Unless you replace your entire yard with concrete, or rocks, it will never be fire-proof. Thankfully, however, there are steps you can take to make your yard far more fire-resistant than it probably is right now. And you can do that without sacrificing even one degree of beauty or functionality.
What makes landscaping fire-resistant?
It’s not just a matter of keeping your yard tidy, says CalFire. “This type of landscape uses fire-resistant plants that are strategically planted to resist the spread of fire to your home.” Sounds like a smart plan, something we can all get behind.
Key strategies include:
- Keeping trees far enough from your house that branches do not overhang and fire cannot easily leap from the tree to your roof.
- Planting groundcover, because plants grow low to the ground and that can help impede fire. Artificial grass is also an excellent choice, because it will not flame up. It’s made from advanced plastic polymers that can melt under high-heat conditions, but that won’t fuel or spread fire. Installing an artificial grass lawn provides numerous other benefits as well, from water conservation to time and money savings.
- Getting rid of junipers. Once a suburban landscaping staple, junipers have lost favor with fire-conscious homeowners because their high resin content makes them a significant fuel source.
Even better, the types of plants that are naturally drought-tolerant tend to also be fire-resistant. That means you have a tremendous panoply of gorgeous options to choose from – trees, shrubs, perennials, annuals, and groundcovers. Leafy and lovely, and uniquely arranged to add aesthetic appeal to your home as well as valuable fire protection. Some of CalFire’s recommendations include:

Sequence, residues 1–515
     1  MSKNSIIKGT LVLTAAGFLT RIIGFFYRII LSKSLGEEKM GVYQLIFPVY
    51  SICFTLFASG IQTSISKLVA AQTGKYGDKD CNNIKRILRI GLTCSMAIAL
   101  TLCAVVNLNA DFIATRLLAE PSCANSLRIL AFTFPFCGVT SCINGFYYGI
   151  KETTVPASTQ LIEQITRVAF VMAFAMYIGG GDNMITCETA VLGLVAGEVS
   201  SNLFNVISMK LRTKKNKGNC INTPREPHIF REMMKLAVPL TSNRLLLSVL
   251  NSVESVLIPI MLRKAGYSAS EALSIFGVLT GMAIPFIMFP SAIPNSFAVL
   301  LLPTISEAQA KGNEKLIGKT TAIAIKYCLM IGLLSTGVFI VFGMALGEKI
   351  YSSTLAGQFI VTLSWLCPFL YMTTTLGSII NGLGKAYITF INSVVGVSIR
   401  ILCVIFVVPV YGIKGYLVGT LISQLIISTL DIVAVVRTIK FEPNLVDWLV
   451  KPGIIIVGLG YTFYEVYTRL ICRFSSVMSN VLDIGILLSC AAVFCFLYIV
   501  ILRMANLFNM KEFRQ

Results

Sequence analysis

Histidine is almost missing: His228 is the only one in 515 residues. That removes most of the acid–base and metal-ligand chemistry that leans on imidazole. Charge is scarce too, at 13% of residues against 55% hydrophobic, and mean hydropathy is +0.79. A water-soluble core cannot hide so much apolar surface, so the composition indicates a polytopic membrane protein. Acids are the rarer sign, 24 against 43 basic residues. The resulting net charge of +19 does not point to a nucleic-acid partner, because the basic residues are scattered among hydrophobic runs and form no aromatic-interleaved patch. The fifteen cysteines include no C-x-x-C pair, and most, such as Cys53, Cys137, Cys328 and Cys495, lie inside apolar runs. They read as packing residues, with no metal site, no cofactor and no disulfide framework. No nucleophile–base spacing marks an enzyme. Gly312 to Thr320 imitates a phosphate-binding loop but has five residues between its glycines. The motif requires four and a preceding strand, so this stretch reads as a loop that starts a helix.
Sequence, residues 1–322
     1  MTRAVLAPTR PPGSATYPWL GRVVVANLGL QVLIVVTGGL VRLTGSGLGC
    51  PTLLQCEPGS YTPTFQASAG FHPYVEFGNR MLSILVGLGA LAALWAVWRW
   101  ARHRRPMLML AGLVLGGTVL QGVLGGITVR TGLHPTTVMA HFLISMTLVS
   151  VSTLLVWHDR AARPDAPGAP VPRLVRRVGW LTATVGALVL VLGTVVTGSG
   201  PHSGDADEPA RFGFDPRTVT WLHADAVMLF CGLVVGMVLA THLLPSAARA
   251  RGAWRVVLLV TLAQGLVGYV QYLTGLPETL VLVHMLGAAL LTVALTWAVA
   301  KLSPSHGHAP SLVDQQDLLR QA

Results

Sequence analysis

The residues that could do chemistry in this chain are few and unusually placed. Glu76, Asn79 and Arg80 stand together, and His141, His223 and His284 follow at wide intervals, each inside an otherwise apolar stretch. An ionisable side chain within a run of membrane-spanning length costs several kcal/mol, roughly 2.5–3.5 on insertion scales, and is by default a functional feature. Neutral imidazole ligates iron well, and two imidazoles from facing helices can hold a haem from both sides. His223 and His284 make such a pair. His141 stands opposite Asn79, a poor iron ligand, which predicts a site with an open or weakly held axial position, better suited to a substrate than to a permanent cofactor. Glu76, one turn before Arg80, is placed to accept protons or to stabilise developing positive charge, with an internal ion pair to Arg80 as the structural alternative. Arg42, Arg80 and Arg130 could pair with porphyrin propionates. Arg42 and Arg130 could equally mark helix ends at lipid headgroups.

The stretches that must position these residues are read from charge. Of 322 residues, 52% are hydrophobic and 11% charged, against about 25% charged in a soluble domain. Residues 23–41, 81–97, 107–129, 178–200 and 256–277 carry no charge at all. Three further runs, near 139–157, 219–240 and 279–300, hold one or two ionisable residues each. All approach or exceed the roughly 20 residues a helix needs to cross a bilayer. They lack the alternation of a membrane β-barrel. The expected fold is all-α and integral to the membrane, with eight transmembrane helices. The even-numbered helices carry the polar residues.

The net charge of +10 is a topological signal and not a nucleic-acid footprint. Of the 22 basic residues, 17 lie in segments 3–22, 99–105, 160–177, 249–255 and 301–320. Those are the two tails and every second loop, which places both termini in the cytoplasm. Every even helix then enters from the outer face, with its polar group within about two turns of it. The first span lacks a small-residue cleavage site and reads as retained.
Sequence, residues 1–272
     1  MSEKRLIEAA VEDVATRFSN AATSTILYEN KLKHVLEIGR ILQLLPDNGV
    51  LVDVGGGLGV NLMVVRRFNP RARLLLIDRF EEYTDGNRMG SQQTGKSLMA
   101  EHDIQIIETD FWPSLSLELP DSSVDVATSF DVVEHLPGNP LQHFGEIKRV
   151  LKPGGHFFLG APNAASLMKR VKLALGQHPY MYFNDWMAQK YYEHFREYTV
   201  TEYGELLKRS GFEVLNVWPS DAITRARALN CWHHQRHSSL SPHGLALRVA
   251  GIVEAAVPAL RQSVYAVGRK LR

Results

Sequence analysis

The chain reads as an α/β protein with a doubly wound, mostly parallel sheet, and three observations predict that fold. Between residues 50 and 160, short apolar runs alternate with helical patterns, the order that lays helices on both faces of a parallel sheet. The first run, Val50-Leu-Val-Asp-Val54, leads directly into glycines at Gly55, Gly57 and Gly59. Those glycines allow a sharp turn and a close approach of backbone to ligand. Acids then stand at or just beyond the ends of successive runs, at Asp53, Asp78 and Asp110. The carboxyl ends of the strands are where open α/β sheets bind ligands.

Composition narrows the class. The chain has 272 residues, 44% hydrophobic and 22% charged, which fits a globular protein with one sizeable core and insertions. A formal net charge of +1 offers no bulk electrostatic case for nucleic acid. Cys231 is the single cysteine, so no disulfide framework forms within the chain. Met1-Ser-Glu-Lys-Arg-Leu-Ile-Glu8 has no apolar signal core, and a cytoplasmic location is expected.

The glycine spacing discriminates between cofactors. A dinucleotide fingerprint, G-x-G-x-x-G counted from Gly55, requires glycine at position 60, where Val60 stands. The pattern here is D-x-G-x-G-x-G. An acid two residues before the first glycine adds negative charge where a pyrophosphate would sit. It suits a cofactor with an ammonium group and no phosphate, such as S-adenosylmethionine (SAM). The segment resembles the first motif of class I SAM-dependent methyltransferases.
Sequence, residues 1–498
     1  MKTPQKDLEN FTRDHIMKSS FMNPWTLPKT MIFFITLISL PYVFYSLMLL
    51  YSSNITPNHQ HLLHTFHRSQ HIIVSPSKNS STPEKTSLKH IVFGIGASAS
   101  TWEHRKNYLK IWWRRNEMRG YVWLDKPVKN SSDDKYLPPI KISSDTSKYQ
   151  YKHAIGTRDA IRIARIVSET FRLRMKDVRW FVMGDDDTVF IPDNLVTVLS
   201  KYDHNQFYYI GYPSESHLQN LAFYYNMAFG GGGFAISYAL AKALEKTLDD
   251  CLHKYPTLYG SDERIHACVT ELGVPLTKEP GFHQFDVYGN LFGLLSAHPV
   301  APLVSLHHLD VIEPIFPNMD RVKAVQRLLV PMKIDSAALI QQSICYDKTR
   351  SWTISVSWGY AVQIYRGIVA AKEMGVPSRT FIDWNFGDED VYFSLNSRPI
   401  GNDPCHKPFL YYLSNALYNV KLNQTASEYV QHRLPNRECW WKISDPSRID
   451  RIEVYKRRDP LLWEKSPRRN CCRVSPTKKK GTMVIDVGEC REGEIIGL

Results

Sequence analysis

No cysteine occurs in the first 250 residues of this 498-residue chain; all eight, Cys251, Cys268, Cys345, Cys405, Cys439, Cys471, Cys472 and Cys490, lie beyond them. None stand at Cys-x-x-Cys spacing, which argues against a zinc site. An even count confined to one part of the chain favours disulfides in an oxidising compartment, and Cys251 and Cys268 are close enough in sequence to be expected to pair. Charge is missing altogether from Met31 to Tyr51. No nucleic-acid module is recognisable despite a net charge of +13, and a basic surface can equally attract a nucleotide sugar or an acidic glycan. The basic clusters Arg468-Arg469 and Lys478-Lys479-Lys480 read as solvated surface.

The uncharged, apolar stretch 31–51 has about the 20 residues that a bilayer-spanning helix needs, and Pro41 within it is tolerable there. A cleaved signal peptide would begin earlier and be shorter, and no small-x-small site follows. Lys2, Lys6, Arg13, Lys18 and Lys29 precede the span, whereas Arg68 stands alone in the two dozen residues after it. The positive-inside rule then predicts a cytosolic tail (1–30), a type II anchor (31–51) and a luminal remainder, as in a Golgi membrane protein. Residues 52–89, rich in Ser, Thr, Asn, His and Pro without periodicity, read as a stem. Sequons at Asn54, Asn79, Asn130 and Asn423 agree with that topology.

- French Lavender
- Red Monkey Flower
- California Fuchsia
- Sage (there are dozens of salvias, from tough-as-the-desert sage shrubs to culinary sage to annuals)
- California Lilac (ceanothus)
- Society Garlic
- Ornamental Strawberry
- Yellow Ice Plant
- California Red Bud
Which plants are naturally less flammable?
A few varieties are considered fire-retardant because it is difficult to ignite them. Examples include rockrose, ale, and ice plant. Many more plants are considered fire-resistant, which means they are less likely to burn or add heat to a fire because they have high moisture content and very little resin or sap. Bush honeysuckle, roses, sumac, cotoneaster, and currants are good shrub examples.
Deciduous trees with spreading, open branches offer far less fuel for a fire than conifers with densely arranged branches that capture and hold dead needles and leaves. Plus, the branches and leaves of deciduous trees are elevated, whereas conifers have branches that start at ground level. If you have conifers in your yard, experts recommend removing branches to at least 15 feet.
Hardscaping offers fire protection, too
Hardscapes can be both decorative and practical. Plan walkways, patios, and stone walls so they create fire-resistant zones near your house and around your yard. That makes it harder for fire to spread. And choose materials such as permeable pavers that allow moisture to drain into the soil rather than puddling up on the patio or running off down the street.
As you plan your hardscaping, we’re pretty sure you’ll want to include a fire pit. With our wonderful California weather, fire pits have become a backyard necessity for relaxing and entertaining. But you don’t want your fire pit to accidentally spark a bigger fire, so you’ll want to take special safety precautions when designing and using it.
As you plan your fire-resistant landscaping, keep in mind that any plant can be damaged or even killed by fire, if the intensity is great enough. Even drought-tolerant plants need watering when conditions are especially dry. Otherwise, they can become weakened and more vulnerable to pests and disease as well as fire. But your landscaping will offer greatest fire protection for your home if you choose the right varieties and keep them watered and trimmed.